I actually spent a large portion of my time in Glasgow in Kelvingrove Park and the surrounding park district. My hostel was nearby, situated on a hill that overlooked much of the city and Kelvingrove Park (that location wasn’t worth much– it overlooked the city, but trees obscured the view!). The park itself was, if nothing else, quiet and serene, and included the majority of Glasgow’s museums. One of the museums is pictured above (the Glasgow Kelvingrove Art Gallery and Museum). I spent a decent amount of time exploring this museum in an attempt to get out of the cold weather and keep myself occupied in an otherwise uneventful city. There, I was able to see many suits or armor and I learned that the Glaswegians have a strange obsession with American country music and cowboy culture.
I guess the suits of armor were pretty cool. From Kelvingrove Park, I ventured closer to the city’s center via the Glasgow subway system. Easily the most underwhelming, simple, and quite dirty subway system in Europe I visited, the train essentially travels on two tracks around a big loop. Although, I shouldn’t really complain– at least there was a subway system at all! Plus, I got to see some awesome graffiti at many of the tracks. I arrived at the Buchanan Station to what is known as Buchanan Street, Glasgow’s main shopping thoroughfare, shown below.
On Buchanan Street, I often found myself running into various shops to sit and escape the cold. Because boy, was that wind chilly! On the plus side, ducking into these shops was the only way I met local Glaswegians, who were all incredibly friendly. In addition to visiting various shops and malls, I had the pleasure of running into some street performers, who– dressed in rags while playing bagpipes and drums– looked like they came straight out of Braveheart. A picture is shown below, circa March 2013.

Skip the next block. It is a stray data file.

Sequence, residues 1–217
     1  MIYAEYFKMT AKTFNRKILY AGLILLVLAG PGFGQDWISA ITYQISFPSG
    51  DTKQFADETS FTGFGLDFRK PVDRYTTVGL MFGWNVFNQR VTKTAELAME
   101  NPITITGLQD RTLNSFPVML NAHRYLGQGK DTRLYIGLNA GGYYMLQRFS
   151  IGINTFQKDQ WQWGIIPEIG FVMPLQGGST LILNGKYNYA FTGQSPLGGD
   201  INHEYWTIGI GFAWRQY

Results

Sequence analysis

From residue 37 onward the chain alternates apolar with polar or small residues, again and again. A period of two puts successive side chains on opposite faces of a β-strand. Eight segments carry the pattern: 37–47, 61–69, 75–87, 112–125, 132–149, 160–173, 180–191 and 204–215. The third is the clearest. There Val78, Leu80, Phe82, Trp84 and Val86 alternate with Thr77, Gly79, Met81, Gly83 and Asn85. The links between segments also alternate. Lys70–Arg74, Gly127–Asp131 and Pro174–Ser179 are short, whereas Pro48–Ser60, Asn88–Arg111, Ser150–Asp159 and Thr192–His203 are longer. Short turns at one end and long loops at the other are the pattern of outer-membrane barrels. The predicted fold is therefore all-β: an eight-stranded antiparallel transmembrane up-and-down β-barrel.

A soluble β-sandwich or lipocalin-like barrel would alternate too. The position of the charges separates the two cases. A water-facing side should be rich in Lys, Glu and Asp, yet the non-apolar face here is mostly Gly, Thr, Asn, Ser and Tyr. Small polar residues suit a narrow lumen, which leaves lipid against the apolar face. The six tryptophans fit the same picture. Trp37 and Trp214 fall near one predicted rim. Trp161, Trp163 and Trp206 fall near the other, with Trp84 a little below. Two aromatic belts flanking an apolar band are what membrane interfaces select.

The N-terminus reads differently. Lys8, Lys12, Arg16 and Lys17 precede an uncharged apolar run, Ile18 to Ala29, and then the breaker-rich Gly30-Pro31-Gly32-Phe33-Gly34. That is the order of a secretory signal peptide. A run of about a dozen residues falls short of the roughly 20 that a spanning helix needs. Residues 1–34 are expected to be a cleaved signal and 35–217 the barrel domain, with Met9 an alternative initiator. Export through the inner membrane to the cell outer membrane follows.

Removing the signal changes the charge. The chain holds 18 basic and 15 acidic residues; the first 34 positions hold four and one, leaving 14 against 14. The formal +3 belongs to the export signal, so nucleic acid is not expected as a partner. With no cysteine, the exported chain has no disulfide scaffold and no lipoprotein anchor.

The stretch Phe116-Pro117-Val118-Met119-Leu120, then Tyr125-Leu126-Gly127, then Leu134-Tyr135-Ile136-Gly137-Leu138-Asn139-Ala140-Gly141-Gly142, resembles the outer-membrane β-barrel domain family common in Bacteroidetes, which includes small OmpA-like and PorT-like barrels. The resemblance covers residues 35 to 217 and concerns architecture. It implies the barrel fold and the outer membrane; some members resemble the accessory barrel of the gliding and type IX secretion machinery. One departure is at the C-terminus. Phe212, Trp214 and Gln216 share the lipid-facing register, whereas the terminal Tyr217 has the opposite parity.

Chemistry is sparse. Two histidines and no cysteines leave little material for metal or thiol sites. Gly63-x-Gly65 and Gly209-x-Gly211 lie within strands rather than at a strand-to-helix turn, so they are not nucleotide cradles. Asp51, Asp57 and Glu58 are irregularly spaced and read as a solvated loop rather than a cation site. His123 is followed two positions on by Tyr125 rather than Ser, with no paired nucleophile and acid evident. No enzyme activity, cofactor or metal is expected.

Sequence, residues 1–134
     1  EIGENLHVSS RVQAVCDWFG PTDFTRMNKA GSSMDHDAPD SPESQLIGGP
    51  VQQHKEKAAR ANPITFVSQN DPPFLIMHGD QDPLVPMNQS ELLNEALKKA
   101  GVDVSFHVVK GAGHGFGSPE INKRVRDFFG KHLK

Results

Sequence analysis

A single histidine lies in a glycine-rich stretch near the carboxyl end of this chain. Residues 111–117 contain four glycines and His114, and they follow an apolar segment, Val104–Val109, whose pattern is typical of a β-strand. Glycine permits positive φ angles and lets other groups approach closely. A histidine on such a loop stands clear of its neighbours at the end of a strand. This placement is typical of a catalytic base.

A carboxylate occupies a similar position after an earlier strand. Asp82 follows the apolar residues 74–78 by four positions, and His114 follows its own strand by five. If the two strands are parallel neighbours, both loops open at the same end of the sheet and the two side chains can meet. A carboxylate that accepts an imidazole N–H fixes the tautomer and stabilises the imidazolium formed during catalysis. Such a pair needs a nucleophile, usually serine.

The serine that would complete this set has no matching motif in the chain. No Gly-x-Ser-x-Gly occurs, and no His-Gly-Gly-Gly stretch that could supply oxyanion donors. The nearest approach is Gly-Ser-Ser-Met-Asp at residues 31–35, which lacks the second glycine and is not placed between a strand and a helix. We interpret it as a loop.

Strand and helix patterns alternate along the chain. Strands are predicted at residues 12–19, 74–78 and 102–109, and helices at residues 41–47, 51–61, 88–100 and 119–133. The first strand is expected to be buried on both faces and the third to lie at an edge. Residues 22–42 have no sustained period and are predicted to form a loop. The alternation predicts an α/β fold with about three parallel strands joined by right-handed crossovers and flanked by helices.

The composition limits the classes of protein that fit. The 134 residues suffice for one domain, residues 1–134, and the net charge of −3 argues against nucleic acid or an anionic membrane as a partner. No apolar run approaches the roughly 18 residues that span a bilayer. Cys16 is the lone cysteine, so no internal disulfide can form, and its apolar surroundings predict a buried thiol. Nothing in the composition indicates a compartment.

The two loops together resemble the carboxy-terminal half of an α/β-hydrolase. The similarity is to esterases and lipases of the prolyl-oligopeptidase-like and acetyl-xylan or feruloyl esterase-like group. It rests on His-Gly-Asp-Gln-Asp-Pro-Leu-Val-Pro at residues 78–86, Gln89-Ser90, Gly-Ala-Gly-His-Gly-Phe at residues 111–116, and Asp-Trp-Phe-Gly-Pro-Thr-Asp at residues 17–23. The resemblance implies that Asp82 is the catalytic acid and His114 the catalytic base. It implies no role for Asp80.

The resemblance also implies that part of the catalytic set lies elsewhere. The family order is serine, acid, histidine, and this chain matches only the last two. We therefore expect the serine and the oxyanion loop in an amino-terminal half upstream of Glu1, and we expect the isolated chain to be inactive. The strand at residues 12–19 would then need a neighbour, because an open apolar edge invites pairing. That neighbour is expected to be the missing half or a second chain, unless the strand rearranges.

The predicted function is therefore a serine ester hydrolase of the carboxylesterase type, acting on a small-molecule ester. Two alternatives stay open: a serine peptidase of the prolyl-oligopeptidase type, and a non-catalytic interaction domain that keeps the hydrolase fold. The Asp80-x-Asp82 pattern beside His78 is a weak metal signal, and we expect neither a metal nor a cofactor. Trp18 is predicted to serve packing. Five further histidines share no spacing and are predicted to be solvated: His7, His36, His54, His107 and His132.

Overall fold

Probably the highlight, at least from a tourist’s perspective, of my time in Glasgow. And the music itself wasn’t too bad! Those weren’t the last kilts I would see during my tour of the city center. As I meandered through odd art museums (where I practiced some French with a group of French tourists) and a delicious Chipotle-esque restaurant named Pinto, I stumbled upon even more kilts in a shop window. But this time, they were fancy kilts.
The rest of the downtown area was much less interesting. I wandered the streets looking for any tourist attraction that I could find, but there wasn’t much to see. I did see many neighborhoods in my time in Scotland and I will say that the architecture (I’m pretty sure it was Gregorian), while similar to Dublin, was still quite interesting in how unique it was from my prior American experiences.